[Index]

 

Agile Combat Support

 

EXECUTIVE SUMMARY

 Overview: The Agile Combat Support (ACS) core competency stretches beyond traditional logistics concerns. As stated by the Air Force Chief of Staff, "air and space power relies on a myriad of combat support activities that occur on the ground, [These include] functions like force protection, engineering, other combat support functions and military medicine. Agile combat support is a vital part of what the Air Force provides the nation. This will contribute to our efforts to make Air Force units more expeditionary in nature, so that we will continue to be the instrument of choice when the national command authorities want to engage quickly and decisively anywhere on the globe." As a core competency, ACS forms the blueprint of the Air Force's new strategic vision: "Global Engagement: A Vision for the 21st Century Air Force." In Joint Vision 2010 the Chairman of the Joint Chiefs of Staff calls for the Air Force to be able to perform its core competencies by 2025 in the shadow of nuclear, biological and chemical (NBC) weapons, or after the use of NBC weapons.

 Mission Area Assessment (MAA): ACS plays a central role in enabling air and space power to contribute to the objectives of any Joint Force Commander. Effective combat support operations allow combat commanders to improve the responsiveness, deployability, survivability, and sustainability of their forces. The efficiency and flexibility of agile combat support emphasizes responsiveness over massive deployed inventories. The basis for ACS support of all campaign and operational objectives and tasks is performed through the following types of mission area functions:

 Deploy Personnel and Equipment. Includes packing, palletizing, assembling technical data, mission equipment, tools, spares, consumables, POL, munitions and personnel for deployments.

 Develop, Maintain, Recover, Close the Base. Includes measures to plan, beddown, and employ survivability, operations and maintenance (O&M), and recovery after attack. Also includes base closure activities such as preparing equipment and materiel for redeployment, cleaning, repair, and reconstitution of assets, environmental restoration, hazardous material and waste management, ordnance disposal, and NBC decontamination.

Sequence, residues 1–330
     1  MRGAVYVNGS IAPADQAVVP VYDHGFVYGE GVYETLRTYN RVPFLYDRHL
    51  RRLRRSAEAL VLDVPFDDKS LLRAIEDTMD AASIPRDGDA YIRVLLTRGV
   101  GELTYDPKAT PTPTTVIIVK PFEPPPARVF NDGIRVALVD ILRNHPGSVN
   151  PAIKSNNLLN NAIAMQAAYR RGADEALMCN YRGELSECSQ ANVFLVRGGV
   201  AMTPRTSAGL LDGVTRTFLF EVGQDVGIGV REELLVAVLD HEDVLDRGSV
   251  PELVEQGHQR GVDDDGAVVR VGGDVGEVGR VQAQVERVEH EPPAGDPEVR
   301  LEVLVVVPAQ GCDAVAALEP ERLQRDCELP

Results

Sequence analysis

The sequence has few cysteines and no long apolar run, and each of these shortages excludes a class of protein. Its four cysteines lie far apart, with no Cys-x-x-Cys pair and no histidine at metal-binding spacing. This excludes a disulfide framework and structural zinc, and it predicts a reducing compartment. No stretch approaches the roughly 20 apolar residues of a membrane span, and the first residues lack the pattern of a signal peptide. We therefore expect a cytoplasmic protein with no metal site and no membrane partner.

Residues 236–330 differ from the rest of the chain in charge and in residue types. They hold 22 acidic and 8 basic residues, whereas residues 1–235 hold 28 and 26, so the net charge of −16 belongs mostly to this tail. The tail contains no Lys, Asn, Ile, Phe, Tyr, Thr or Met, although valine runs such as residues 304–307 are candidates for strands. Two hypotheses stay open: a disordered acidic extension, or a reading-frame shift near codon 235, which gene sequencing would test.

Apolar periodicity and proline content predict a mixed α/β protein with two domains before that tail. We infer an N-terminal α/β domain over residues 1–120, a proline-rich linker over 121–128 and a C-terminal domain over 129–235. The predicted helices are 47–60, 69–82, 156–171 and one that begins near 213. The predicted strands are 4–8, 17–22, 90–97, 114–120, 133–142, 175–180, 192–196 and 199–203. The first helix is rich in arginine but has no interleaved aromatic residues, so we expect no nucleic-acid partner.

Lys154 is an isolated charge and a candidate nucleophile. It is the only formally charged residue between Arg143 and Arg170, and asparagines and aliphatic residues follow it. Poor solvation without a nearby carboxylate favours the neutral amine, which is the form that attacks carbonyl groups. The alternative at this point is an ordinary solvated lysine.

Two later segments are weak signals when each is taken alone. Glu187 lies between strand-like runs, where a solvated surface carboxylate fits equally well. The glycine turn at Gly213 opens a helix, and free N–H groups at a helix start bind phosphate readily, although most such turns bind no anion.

Defend the Base. Includes providing flightline and facility security, base defense, and point air defense.

 Provide Base Services. Includes providing food service, billeting, laundry service, fitness/recreation services, field exchange services, mortuary services, mail and distribution services, and legal services.

 Provide Base Medical Services. Includes preventing, treating, and aeromedical evacuation of casualties.

 Provide Base Communications Support. Includes providing base operations C4I infrastructure, joint service interfaces, and major communications support facilities.

 Mission Needs Analysis (MNA): The Khobar Towers bombing and the subsequent Downing Commission findings affirm major shortfalls in force protection. Providing for force protection is not just a matter of airbase operability and security, as important as they are. It also involves the redesign of our power projection forces through ACS, to reduce the size of the force protection problem. These efforts must harness advanced technologies to support the force protection mission in the 21st century.

 To minimize the impact of the use of Weapons of Mass Destruction (WMD) on our forces, we will need the capability not only to deter their use, but to counter them. This will require new and improved capabilities to allow our forces to survive and fight under contaminated conditions. Major shortfalls remain in our ability to detect, warn, report, protect against, and decontaminate NBC agent contamination.

 Due to quantity and quality deficiencies in bare base assets, ACS will have difficulty providing a 100% capability for a two MRC scenario. Existing inventories contain obsolete technology and equipment that is airlift intensive and difficult to erect and sustain. The concept of focused logistics will improve airlift capabilities, reduce depot cycle times, and contribute to a leaner infrastructure.